Two-thirds of satellites in orbit are dead and dangerous, ESA warns

27 Nov 2019

Image: © Petrovich12/

The issue of space junk is one of ESA’s biggest concerns, with most satellites now in orbit being dead and potentially hazardous.

Around two-thirds of the satellites orbiting Earth are dead, posing a “very big danger” to the planet, European ministers responsible for space have heard. The European Space Agency (ESA) is proposing a mission to tackle the growing problem of space debris, its director general said.

Speaking at the agency’s ministerial council in Seville, Spain, Johann-Dietrich Wörner also spoke about a mission to detect and prevent hazards posed by meteorites, saying the human race does not want to be wiped out in the same manner as dinosaurs. Wörner also identified solar flares as a potential danger to Earth.

He added that, along with NASA, the ESA is working on a mission of “playing billiards in space” when addressing the issue of asteroids that are on a direct collision course with Earth.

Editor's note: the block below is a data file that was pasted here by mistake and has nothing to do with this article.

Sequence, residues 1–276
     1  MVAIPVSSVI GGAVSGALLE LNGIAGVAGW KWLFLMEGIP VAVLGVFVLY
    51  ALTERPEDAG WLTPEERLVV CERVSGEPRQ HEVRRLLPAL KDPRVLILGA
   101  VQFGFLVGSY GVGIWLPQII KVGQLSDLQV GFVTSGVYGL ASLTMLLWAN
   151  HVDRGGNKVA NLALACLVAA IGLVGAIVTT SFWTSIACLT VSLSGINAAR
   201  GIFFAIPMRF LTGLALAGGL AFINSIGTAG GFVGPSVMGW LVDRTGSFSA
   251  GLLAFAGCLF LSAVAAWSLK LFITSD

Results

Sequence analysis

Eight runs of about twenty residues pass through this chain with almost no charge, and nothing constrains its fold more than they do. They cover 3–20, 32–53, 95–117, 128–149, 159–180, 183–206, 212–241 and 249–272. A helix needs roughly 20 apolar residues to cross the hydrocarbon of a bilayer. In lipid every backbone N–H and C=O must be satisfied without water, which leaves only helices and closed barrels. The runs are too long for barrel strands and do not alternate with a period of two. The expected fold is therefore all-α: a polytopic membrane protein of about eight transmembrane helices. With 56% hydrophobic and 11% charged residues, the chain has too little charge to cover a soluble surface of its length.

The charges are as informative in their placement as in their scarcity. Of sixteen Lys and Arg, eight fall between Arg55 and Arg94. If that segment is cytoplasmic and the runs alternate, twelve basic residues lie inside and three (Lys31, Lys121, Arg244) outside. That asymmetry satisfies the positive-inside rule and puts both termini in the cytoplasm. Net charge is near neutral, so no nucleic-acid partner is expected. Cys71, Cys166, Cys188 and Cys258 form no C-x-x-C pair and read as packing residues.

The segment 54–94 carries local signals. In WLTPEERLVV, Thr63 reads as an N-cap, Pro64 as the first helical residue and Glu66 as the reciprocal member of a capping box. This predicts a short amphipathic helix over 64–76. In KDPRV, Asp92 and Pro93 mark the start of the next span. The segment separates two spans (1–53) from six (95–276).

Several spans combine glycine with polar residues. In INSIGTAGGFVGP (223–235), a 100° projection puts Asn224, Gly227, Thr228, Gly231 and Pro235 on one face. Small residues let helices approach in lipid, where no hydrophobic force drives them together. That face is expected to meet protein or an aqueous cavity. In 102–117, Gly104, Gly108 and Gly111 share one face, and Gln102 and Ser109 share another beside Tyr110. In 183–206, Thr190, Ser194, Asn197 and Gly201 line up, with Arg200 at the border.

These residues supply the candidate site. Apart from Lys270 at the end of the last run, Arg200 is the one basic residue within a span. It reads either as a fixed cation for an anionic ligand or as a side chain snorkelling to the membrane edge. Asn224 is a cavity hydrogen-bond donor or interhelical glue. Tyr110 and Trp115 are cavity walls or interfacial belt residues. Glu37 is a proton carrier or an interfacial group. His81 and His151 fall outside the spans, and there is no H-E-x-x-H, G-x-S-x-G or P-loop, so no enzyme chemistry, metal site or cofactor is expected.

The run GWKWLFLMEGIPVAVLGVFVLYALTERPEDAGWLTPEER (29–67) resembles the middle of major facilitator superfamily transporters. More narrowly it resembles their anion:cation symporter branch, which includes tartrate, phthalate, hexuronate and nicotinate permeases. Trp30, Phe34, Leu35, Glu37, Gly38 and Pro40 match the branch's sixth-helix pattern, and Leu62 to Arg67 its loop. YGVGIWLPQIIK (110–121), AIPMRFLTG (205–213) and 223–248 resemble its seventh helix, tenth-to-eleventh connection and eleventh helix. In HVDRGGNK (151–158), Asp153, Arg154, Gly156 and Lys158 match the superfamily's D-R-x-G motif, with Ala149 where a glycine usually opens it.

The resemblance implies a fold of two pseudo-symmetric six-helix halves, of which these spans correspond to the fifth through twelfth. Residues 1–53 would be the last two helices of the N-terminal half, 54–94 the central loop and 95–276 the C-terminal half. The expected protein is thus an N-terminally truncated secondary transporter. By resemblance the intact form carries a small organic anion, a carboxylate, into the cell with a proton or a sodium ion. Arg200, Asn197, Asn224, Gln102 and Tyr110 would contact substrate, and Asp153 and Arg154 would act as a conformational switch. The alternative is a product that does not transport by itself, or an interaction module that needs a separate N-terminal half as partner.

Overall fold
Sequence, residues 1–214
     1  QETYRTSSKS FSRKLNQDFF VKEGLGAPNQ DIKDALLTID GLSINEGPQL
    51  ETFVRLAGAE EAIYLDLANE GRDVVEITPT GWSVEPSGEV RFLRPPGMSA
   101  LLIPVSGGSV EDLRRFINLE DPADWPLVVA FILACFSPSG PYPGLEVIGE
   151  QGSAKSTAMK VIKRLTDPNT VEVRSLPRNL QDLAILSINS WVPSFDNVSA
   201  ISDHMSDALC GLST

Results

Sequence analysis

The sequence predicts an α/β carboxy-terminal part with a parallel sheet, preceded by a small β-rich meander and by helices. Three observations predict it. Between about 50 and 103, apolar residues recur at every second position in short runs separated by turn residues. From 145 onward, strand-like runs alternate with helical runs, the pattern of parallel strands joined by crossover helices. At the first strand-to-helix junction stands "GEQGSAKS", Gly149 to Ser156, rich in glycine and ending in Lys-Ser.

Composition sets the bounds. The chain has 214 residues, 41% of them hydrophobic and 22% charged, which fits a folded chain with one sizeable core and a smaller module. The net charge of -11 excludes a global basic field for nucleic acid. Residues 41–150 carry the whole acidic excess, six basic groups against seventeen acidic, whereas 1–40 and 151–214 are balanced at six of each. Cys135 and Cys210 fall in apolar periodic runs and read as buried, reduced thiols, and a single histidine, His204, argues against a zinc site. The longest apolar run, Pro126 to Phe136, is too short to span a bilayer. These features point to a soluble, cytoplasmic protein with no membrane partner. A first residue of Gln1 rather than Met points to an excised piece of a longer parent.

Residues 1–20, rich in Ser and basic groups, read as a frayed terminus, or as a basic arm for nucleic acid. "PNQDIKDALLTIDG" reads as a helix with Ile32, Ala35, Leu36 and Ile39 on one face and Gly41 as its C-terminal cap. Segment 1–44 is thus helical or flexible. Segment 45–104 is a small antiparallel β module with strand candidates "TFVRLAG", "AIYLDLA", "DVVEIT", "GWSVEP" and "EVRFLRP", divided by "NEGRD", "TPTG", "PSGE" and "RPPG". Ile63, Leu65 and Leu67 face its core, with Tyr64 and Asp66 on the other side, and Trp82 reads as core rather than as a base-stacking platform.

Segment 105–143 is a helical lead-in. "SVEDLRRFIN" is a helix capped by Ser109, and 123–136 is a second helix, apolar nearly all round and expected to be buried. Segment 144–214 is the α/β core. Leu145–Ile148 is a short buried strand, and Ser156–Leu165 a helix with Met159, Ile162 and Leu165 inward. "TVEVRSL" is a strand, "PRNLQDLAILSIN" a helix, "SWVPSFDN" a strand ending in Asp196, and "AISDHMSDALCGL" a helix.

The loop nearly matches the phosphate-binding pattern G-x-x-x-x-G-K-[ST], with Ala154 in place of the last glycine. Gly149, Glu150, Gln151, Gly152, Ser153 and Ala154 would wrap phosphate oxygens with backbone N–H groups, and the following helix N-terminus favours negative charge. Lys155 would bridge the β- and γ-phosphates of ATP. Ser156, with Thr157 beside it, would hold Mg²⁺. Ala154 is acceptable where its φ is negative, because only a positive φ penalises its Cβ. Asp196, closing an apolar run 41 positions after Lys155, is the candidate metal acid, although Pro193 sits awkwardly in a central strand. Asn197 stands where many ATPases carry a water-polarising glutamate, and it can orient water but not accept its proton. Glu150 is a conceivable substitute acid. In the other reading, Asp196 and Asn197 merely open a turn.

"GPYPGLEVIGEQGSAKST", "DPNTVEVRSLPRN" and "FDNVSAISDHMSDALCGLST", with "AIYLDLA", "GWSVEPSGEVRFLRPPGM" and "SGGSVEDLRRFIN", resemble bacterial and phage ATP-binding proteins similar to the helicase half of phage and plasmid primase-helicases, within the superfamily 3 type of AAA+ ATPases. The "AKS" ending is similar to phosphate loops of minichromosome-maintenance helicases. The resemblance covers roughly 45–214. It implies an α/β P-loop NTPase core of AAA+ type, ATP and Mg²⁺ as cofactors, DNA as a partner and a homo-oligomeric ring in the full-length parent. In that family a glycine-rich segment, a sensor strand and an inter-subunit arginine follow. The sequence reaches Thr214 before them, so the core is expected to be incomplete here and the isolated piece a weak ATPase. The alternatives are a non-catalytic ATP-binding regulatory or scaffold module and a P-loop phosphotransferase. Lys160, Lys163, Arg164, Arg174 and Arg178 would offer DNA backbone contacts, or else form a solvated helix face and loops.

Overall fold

Discussing the issue of space debris, Wörner said that only 1,500 satellites out of almost 4,500 in orbit today are actually functioning.

“Therefore we are proposing a mission where we bring down some ESA-owned assets which are still flying around the Earth,” he added.

“And, at the same time, we would also demonstrate that it’s possible to avoid future space debris by doing some direct de-orbiting.”

Samples versus astronauts

Speaking at the opening session of the meeting, Wörner said that given today’s technology it would be “smart” to look at bringing samples back from Mars, rather than putting astronauts on the Red Planet.

“This mission looks very simple – you fly to Mars, you get some samples back,” he said.

However, he explained that it would involve a US rover collecting samples and leaving them in tiny containers on the planet’s surface, to be collected by an ESA rover once it had moved on to another area.

After finding the samples, the European rover would put them in a bigger container and take them to a small launch site where it would be launched into the planet’s orbit.

Wörner added: “And then a European mission will go there, get this container and bring it back to the Earth.”

The council brings together ESA’s member states and observers every two to three years to decide on new proposals and funding for ESA’s next years of work.

– PA Media, with additional reporting from Colm Gorey